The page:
December 26, 2019

Gaston Noury,

a French Artist with a Flare for the International

Advertising and costume designing in the early part of the 20th century, for entertainment centers such as the Moulin Rouge and Les Ambassadeurs in the Montmartre district of Paris was a great way to earn a fortune.  Albeit it only happened for a few – one was a young artist from Normandie named Gaston Noury.

Gaston was born and lived in the departments of France just west of Paris.  He learned art at the hands of a master – his grandfather was the director and curator of the local art museum. Frequent visitors to the Noury home included artists named: Pissaro, Renoir, Monet, and Degas.

Advertising and costume designing in the early part of the 20th century, for entertainment centers such as the Moulin Rouge and Les Ambassadeurs in the Montmartre district of Paris was a great way to earn a fortune.  Albeit it only happened for a few – one was a young artist from Normandie named Gaston Noury.

Gaston was born and lived in the departments of France just west of Paris.  He learned art at the hands of a master – his grandfather was the director and curator of the local art museum. Frequent visitors to the Noury home included artists named: Pissaro, Renoir, Monet, and Degas.

At age 23 Noury settled in Paris and took residence in the shadow of the newly erected Basilique du Sacré-Cœur.

Within a span of some 12 to 15 years the artist found his fortune growing but his dissatisfaction with trivial projects made him strive for more than just costuming and art house posters.  In his mature years, Noury was often angered by critics who deemed him an illustrator.  They called his work juvenile and naive.

His decision to move to advertising and publishing led him to more serious work and he soon found some happiness in book illustrating.  He also gained notoriety in fashion design through the exposure his work received in magazines and in-house publications.

Noury’s fashion designs were the most whimsical of all his work. His palette was, for the most part, soft earth tones applied with a light touch, a marked departure from his early, often brilliantly colored renderings for everything from bicycles to soap.

Florals and playing card designs were favored, yet his portrayals of young and seductive women in fashions showing long slinky legs, wide midriffs, lots of cleavage and sometimes bare breasts also captured the public’s imagination. He was widely praised for his ability to draw stylized faces and delicate hands and feet.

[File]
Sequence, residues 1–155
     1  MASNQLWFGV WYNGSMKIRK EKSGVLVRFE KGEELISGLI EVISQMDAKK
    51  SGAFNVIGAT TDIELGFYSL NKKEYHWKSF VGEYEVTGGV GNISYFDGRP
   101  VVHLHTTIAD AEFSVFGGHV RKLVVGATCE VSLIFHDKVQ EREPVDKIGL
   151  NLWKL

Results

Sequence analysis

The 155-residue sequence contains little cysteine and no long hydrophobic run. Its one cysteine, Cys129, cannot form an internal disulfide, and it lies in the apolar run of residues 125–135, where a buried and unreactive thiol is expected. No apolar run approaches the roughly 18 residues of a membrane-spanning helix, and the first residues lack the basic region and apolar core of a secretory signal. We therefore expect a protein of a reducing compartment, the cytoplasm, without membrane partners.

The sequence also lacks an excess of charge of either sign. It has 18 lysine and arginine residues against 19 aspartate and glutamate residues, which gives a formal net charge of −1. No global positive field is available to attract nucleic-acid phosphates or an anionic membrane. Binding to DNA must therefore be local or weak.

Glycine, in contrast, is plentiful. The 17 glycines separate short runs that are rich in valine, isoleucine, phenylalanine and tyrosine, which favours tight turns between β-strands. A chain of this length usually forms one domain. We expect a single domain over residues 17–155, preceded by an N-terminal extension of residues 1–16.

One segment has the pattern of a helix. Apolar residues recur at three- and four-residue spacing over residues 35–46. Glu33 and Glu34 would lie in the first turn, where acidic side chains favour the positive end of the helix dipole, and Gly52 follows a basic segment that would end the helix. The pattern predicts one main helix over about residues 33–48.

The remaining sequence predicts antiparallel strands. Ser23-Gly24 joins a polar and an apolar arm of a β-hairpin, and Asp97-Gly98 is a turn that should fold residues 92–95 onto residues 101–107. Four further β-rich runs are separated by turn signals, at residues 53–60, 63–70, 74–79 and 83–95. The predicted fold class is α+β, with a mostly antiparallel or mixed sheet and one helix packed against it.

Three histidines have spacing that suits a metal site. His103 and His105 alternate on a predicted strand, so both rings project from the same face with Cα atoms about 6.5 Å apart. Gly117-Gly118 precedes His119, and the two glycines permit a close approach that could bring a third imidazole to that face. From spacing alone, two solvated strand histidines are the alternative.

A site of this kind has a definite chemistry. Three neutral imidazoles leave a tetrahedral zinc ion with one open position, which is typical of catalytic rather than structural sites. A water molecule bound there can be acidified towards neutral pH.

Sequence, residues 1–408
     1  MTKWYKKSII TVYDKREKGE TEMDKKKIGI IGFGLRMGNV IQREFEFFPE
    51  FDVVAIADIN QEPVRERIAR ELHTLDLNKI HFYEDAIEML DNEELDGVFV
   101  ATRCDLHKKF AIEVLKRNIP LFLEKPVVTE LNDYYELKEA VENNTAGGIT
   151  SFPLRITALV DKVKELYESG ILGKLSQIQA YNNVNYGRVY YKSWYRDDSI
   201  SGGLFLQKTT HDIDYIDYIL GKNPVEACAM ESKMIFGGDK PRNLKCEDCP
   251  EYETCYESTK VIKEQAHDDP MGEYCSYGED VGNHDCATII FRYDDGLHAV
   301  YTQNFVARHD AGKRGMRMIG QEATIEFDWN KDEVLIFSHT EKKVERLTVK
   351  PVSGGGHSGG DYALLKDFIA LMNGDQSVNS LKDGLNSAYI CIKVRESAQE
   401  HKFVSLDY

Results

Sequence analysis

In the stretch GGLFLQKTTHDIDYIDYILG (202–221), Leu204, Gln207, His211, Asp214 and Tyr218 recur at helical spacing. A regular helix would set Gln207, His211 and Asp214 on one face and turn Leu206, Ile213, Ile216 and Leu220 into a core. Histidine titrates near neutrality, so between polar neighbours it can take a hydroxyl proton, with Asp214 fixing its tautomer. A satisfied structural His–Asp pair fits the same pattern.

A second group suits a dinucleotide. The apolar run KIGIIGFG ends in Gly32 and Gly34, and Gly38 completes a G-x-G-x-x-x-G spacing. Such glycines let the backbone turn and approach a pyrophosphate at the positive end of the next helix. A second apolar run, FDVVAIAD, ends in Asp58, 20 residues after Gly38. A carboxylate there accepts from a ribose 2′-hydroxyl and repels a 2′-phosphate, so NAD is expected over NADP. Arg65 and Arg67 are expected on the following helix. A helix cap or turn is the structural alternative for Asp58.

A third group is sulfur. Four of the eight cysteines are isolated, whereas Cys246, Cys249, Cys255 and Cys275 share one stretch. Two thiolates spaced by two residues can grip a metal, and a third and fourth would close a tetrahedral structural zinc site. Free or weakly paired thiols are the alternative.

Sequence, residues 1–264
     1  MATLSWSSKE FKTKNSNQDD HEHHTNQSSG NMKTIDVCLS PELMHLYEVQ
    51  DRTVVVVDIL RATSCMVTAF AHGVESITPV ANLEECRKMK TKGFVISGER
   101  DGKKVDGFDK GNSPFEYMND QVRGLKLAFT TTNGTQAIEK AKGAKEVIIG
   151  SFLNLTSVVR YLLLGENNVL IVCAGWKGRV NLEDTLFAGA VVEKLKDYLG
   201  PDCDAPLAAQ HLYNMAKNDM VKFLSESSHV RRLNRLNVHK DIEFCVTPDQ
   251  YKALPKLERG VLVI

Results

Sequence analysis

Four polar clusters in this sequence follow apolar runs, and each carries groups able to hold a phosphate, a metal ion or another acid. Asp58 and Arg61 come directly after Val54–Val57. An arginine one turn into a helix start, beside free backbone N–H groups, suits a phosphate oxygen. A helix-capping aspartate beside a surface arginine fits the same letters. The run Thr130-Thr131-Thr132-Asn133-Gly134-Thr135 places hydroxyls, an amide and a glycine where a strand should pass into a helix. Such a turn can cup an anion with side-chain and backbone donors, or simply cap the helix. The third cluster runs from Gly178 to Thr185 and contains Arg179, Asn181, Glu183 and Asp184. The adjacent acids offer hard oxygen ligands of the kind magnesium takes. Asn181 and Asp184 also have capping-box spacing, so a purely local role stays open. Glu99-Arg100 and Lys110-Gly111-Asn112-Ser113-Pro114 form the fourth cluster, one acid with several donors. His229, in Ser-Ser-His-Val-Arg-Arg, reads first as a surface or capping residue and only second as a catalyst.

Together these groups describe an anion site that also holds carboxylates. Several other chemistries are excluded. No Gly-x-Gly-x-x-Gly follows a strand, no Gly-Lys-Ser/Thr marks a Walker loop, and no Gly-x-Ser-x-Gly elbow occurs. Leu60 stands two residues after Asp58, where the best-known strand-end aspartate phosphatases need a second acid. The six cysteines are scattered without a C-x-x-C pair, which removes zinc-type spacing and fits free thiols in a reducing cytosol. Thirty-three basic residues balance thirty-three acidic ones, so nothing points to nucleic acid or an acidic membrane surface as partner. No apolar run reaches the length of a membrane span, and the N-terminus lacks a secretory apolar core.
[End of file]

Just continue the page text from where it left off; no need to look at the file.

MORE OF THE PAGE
La Dame du Pique
La Dame et un ventilateur égyptienne

From the 1890s to the 1920s when postcards captured the attention of the French, in a manner even more dynamic then they did Americans, it was the work of artists like Suzanne Meunier, Maurice Milliard, Louis Pettier, Albert Pinot, and Gaston Noury who supplied the art that Parisian publishers needed to keep their presses rolling.

Thousands of images originally created for entertainment and fashion found their way to postcards.  Noury was far from the lead, but his images were in high demand because they were delicate, and dare I say it, the most suggestive of Victorian tastes.

He had a special skill in drawing that combined pencil, chalk or ink with watercolor washes.

Most collectors of Noury’s postcards will be surprised to learn that there are ten categories or sets of Noury cards.  The earliest include the Depose Cinos set and his Collection des Cent.  Sets most idiomatic to his best-known style are the fairy nudes, fans, boxes, shoes, perfumes, and the very elusive mermaids. Others include a  set  illustrating   the Captain Alfred Dreyfus affair and the individual personalities of playing cards. Most sell for upwards of $45.00 and often much more.

A most fascinating fact in a Gaston Noury biography is that no one knows of his demise.  He simply vanished about 1918. Some think he emigrated from Paris to Canada, yet others speculate him to be an un-named World War I casualty.

Thankfully, Gaston Noury’s art still lives in our postcard collections.

  La jeune fille de lilas
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